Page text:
First, federal interference with the state's prosecution of the plaintiff would be improper under the principles of comity enunciated in Younger v. Harris, 401 U.S. 37, 91 S. Ct. 746, 27 L. Ed. 2d 669 (1971). Although it is now established that a federal court in a suit alleging a violation of the Civil Rights Act, 42 U.S.C. § 1983, may grant an injunction to stay a proceeding pending in a state court, see Mitchum v. Foster, 407 U.S. 225, 92 S. Ct. 2151, 32 L. Ed. 2d 705 (1972), a federal court should intervene in a pending state court prosecution only in certain exceptional circumstances which are not present in the instant case. The plaintiff has not shown irreparable injury which is "both great and immediate" in the sense that "the threat to [his] federally protected rights . . . cannot be eliminated by his defense against a single criminal prosecution." Younger v. Harris, supra, 401 U.S. at 46, 91 S. Ct. at 751. Nor is he being prosecuted under a state law which is "flagrantly and patently violative of express constitutional prohibitions." Id. at 53, 91 S. Ct. at 755. Finally, the instant case does not involve "harassment or prosecutions undertaken by state officials in bad faith without hope of obtaining a valid conviction." Perez v. Ledesma, 401 U.S. 82, 85, 91 S. Ct. 674, 677, 27 L. Ed. 2d 701 (1971). Although Younger v. Harris, supra, 401 U.S. at 54, 91 S. Ct. at 755, refers to "other unusual circumstances that would call for equitable relief," the court does not believe that the instant case presents such circumstances. The injunctive remedy being improper here, declaratory relief is also inappropriate. See Samuels v. Mackell, 401 U.S. 66, 91 S. Ct. 764, 27 L. Ed. 2d 688 (1971).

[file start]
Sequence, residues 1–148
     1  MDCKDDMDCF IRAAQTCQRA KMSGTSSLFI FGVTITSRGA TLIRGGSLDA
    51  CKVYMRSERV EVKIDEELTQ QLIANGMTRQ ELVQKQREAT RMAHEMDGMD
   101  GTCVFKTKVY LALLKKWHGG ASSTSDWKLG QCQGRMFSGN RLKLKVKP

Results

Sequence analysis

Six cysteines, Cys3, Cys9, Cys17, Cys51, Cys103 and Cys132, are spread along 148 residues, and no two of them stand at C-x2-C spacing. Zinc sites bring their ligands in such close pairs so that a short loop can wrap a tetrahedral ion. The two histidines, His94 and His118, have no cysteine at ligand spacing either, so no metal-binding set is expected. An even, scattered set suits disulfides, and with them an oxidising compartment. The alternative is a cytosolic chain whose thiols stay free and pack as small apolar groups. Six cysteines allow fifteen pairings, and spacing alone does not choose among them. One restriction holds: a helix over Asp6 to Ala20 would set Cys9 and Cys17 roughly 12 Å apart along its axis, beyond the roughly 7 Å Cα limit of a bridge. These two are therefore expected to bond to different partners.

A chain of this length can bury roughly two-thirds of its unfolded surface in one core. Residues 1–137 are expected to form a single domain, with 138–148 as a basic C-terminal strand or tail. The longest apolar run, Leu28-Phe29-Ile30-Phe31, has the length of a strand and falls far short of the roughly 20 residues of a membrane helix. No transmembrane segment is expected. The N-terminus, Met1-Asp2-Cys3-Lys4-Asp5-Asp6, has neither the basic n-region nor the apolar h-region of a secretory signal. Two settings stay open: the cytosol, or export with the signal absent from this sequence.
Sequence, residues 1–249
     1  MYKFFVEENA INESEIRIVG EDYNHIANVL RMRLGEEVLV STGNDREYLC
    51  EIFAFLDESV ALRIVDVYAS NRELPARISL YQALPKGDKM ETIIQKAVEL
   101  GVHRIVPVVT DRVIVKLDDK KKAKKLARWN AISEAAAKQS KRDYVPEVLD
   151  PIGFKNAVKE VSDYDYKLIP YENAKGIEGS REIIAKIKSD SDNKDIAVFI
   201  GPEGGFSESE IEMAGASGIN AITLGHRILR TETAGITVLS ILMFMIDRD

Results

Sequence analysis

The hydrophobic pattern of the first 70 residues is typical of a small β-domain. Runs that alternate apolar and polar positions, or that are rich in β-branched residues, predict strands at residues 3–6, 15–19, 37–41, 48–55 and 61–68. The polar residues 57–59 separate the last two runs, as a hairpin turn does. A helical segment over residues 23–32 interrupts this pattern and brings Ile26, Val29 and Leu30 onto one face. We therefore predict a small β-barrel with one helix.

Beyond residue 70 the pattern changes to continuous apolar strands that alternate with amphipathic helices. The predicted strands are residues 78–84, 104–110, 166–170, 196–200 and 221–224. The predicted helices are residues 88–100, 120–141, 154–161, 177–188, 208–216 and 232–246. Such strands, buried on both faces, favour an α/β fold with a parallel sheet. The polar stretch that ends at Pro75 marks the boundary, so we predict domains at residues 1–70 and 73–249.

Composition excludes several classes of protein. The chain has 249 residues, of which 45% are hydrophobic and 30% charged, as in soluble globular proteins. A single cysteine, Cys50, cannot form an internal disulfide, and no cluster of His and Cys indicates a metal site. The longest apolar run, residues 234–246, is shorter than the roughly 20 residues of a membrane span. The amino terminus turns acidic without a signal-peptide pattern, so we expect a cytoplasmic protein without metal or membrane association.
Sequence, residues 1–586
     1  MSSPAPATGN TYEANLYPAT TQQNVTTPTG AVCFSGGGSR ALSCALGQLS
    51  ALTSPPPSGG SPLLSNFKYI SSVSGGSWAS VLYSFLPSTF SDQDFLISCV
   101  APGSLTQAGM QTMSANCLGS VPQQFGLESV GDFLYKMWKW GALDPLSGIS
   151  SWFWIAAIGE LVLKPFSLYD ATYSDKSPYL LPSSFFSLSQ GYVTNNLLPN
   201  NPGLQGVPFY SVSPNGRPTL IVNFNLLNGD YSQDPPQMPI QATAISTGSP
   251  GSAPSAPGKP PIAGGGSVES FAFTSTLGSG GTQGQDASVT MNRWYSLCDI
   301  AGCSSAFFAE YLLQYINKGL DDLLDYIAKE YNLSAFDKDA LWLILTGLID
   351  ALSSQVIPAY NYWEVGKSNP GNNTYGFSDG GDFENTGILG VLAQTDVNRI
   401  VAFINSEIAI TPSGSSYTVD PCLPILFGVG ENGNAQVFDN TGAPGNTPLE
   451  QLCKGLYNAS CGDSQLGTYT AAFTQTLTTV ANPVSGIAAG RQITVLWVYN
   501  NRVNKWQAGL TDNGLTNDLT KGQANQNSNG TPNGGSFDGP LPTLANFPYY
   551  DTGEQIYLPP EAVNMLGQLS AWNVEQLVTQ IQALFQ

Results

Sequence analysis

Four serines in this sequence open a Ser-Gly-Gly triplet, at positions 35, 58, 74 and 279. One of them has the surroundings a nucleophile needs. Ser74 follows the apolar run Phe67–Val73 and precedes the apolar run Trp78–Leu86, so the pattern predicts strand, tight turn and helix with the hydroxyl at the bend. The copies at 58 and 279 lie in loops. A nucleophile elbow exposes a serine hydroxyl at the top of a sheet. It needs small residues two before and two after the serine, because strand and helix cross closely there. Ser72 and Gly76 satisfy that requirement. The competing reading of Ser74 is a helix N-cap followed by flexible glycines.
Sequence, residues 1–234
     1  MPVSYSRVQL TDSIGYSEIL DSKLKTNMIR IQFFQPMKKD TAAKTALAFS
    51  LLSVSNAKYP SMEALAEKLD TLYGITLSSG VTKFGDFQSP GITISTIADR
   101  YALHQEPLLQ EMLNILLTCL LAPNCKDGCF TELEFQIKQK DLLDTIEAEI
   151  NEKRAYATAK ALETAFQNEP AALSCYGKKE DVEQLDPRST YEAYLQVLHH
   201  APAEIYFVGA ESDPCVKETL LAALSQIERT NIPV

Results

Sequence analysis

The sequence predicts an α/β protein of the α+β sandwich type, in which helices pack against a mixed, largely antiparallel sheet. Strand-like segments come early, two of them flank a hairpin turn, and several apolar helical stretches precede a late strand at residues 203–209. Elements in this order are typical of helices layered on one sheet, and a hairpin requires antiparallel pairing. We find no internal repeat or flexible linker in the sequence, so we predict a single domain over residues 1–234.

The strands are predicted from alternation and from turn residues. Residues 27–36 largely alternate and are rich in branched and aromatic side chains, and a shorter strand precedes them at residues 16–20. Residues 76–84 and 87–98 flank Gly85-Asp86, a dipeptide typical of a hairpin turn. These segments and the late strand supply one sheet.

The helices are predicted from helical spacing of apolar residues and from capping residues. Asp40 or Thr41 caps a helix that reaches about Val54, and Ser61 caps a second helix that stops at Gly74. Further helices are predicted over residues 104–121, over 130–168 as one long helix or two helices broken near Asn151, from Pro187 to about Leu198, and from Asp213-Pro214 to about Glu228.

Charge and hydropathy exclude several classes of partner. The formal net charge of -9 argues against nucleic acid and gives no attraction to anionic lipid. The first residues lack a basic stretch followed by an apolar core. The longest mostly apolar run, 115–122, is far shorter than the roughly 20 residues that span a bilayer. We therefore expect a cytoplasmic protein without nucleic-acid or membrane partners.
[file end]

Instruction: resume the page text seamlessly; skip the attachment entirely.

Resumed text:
A second, even more fundamental, reason for denying the plaintiff's motion and dismissing his complaint lies in the doctrine of res adjudicata. The plaintiff appealed the denial of his motion by the Chemung County Court through the Appellate Division to the Court of Appeals. Having lost in the state courts, his remedy was to seek review by the United States Supreme Court rather than to attempt to relitigate the issues in a suit in this court under the Civil Rights Act. See Lackawanna Police Benevolent Ass'n v. Balen, 446 F.2d 52 (2d Cir. 1971); Murray v. Oswald, 333 F. Supp. 490 (S.D.N.Y.1971). As was stated in Lackawanna Police Benevolent Ass'n v. Balen, supra, 446 F.2d at 53, "[the] Civil Rights Act, unlike federal habeas corpus, does not permit a second bite at the cherry." Of course, if the petitioner is convicted upon his retrial, he will be able to challenge the validity of his conviction by a petition for a writ of habeas corpus, see United States ex rel. Wilson v. McMann, 408 F.2d 896 (2d Cir. 1969), for in a habeas corpus proceeding the defense of res adjudicata is not available. See Brown v. Allen, 344 U.S. 443, 506-508, 73 S. Ct. 397, 97 L. Ed. 469 (1953). On this point, compare Murray v. Oswald, supra, with United States ex rel. Murray v. Owens, 341 F. Supp. 722, 723 (S.D.N.Y.1972).

 The plaintiff's motion for a preliminary injunction is denied, and his complaint is dismissed. Judgment in favor of the defendants shall be entered forthwith. This court shall not grant any temporary relief to the plaintiff staying the trial now scheduled for November 14, 1972. Any application for such relief should be made to the Court of Appeals.

 So ordered.


Buy This Entire Record For $7.95

Official citation and/or docket number and footnotes (if any) for this case available with purchase.

Learn more about what you receive with purchase of this case.